People in support of removing the plywood gathered around the statue Saturday, waiting for the commonwealth court to approve their request as the court of common pleas has.
Police put up barricades around the statue at this point to stop anyone from trying to take action.
Supporters say it's an important part of Italian-American heritage and should be left alone.
"I think it's a disgrace that they boxed that statue up; this represents the neighborhood. This represents Italian Americans," said Mark Anthony Carlini of South Philadelphia.
Attorney George Bochetto, who represents the group Friends of Marconi Plaza, received an order Saturday afternoon from the court of common pleas to take down the wooden structure around the statue.
Many in the city shared concerns about the plywood being removed.
"It makes me nervous because I saw the problems we had last time," said Chris Augustine, from South Philadelphia.
Jennifer Augustine, from South Philadelphia, said, "I want the statue gone just like Frank Rizzo."
Philadelphia officials want to keep the box in place.
The city's acting communications director sent a statement to Action News Saturday that reads:
"The City is grateful that the Commonwealth Court took the time to review this important matter tonight. Earlier today, the City of Philadelphia filed an Emergency Application to reinstate the stay and preserve the status quo-the box protecting the statue.
Just now, the Commonwealth Court reinstated the stay and overturned the Court of Common Pleas order from earlier today.
No action will be taken with respect to the statue at this time. Removing the plywood covering during this holiday weekend would pose a serious public safety risk."
In the order issued Friday morning, Judge Paula Patrick of the Court of Common Pleas said the box around the 144-year-old statue in Marconi Plaza should be removed right away.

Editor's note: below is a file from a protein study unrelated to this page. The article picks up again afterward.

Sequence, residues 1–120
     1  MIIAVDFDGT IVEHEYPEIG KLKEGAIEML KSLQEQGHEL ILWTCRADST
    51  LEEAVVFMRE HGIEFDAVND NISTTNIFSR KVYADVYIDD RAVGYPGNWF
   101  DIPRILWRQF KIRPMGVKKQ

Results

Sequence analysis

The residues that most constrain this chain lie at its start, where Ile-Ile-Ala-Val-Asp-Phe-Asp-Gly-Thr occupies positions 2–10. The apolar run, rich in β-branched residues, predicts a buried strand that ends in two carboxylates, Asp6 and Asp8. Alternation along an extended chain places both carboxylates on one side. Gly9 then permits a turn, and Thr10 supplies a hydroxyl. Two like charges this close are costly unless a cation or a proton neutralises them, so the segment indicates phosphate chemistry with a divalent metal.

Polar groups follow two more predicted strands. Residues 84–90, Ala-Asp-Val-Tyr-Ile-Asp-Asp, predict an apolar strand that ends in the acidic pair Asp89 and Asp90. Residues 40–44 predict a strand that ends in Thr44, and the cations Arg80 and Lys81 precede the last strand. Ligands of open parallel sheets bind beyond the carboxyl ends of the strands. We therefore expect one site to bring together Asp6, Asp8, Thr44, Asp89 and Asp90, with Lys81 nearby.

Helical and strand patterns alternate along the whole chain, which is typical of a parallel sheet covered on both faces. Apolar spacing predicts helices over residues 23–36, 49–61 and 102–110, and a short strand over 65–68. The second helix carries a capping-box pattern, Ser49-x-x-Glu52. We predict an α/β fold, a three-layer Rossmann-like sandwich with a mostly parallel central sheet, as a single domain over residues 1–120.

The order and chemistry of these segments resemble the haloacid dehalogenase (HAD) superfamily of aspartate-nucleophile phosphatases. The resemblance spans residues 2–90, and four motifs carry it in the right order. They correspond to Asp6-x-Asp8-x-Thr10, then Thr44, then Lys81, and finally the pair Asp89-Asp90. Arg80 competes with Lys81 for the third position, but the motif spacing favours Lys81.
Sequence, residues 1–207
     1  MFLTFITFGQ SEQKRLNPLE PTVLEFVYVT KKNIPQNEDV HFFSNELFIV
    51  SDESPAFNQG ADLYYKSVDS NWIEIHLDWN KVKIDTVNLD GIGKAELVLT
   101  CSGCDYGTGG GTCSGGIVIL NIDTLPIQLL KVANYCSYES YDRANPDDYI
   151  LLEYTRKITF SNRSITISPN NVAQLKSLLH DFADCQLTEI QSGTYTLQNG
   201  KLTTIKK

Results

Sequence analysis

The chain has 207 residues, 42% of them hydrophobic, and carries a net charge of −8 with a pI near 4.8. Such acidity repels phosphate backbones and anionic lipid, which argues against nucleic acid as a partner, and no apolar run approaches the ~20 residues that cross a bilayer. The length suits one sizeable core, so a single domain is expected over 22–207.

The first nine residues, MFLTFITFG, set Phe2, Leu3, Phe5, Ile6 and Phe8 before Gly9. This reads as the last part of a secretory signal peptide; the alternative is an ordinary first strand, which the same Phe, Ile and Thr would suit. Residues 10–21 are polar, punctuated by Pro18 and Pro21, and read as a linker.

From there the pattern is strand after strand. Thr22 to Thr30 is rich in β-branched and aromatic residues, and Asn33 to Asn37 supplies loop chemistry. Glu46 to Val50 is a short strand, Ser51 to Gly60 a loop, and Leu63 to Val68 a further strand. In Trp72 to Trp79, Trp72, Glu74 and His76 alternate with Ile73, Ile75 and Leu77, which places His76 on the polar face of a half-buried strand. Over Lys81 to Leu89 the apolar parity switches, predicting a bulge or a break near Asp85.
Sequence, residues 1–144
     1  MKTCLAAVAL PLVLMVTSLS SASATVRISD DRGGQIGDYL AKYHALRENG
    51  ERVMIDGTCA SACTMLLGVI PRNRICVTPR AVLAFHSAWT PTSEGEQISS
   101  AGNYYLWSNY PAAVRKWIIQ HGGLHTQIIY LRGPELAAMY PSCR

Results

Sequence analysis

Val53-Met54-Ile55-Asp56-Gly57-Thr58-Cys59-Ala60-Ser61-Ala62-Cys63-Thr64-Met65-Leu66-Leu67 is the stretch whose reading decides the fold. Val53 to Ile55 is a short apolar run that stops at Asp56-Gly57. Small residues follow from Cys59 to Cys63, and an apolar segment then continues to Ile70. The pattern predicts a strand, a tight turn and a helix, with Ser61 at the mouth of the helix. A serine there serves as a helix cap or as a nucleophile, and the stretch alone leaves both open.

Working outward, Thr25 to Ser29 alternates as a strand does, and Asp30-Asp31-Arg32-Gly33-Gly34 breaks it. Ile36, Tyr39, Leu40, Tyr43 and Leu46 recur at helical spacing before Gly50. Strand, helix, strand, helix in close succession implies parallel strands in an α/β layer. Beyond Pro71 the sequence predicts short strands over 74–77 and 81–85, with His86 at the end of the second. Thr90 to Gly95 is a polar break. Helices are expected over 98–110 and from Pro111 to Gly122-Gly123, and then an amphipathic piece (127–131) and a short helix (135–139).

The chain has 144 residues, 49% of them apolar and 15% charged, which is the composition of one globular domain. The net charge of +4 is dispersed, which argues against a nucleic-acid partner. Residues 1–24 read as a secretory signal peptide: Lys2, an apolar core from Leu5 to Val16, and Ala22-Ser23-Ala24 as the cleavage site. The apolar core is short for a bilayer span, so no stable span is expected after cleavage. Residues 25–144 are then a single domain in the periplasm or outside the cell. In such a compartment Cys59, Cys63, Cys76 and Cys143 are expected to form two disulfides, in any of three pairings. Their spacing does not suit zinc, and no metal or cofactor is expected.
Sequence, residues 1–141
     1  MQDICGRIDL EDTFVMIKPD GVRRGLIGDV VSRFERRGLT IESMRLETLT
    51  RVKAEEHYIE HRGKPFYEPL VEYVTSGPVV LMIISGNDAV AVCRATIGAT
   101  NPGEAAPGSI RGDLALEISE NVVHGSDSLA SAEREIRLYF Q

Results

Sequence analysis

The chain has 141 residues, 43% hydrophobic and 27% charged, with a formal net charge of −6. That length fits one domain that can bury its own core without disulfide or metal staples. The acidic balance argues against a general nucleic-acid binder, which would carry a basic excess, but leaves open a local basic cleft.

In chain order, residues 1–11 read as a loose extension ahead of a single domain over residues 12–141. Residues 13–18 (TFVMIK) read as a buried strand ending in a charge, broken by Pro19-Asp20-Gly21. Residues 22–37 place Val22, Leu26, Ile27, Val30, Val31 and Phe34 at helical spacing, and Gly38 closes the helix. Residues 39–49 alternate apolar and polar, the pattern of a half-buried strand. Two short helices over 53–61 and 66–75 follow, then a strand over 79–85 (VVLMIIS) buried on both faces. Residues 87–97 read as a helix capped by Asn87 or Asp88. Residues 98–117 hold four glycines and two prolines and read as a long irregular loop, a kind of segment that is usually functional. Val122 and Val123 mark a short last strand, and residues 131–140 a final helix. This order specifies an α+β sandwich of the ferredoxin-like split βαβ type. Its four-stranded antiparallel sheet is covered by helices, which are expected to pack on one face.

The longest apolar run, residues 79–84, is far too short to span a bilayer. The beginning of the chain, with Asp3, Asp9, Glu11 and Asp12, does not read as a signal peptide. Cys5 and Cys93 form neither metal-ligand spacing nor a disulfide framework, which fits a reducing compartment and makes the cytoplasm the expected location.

She also ordered that, in the "interest of safety and preservation upon removal of the plywood structure," the appellants are permitted to put a clear structure around the statue.
A spokesperson for the mayor said the city is immediately appealing the ruling.
"We cannot, and have no intention to, remove the box at this time," said Acting Communications Director Kevin Lessard. "We continue to believe it is in the best interest and public safety of all Philadelphians that the statue remains secured in its box."
Those who support keeping the statue say it is an important part of Italian-American heritage and should be left alone.
"Rule of law is going to prevail here. We're not going to succumb to mob rule," said attorney George Bochetto, who represents the group Friends of Marconi Plaza. "The mayor wakes up one morning and decides he doesn't want to have a Columbus statue or have Columbus Day? That's not the way our country works."
Back in August, Judge Patrick ruled the Columbus statue can stay in Marconi Plaza. That ruling overturned decisions by the City of Philadelphia Board of License and Inspection Review and later the Philadelphia Historical Commission to remove the statute.
The city is also appealing that decision.
The statue became a flashpoint in June 2020.
Judge Paula Patrick wrote in August that the city's primary justification for the removal was the civil unrest following the murder of George Floyd.
But in doing so, she wrote it was inconsistent with code, never showed to the court ongoing civil unrest beyond last June, and failed to allow for 90 days of public input.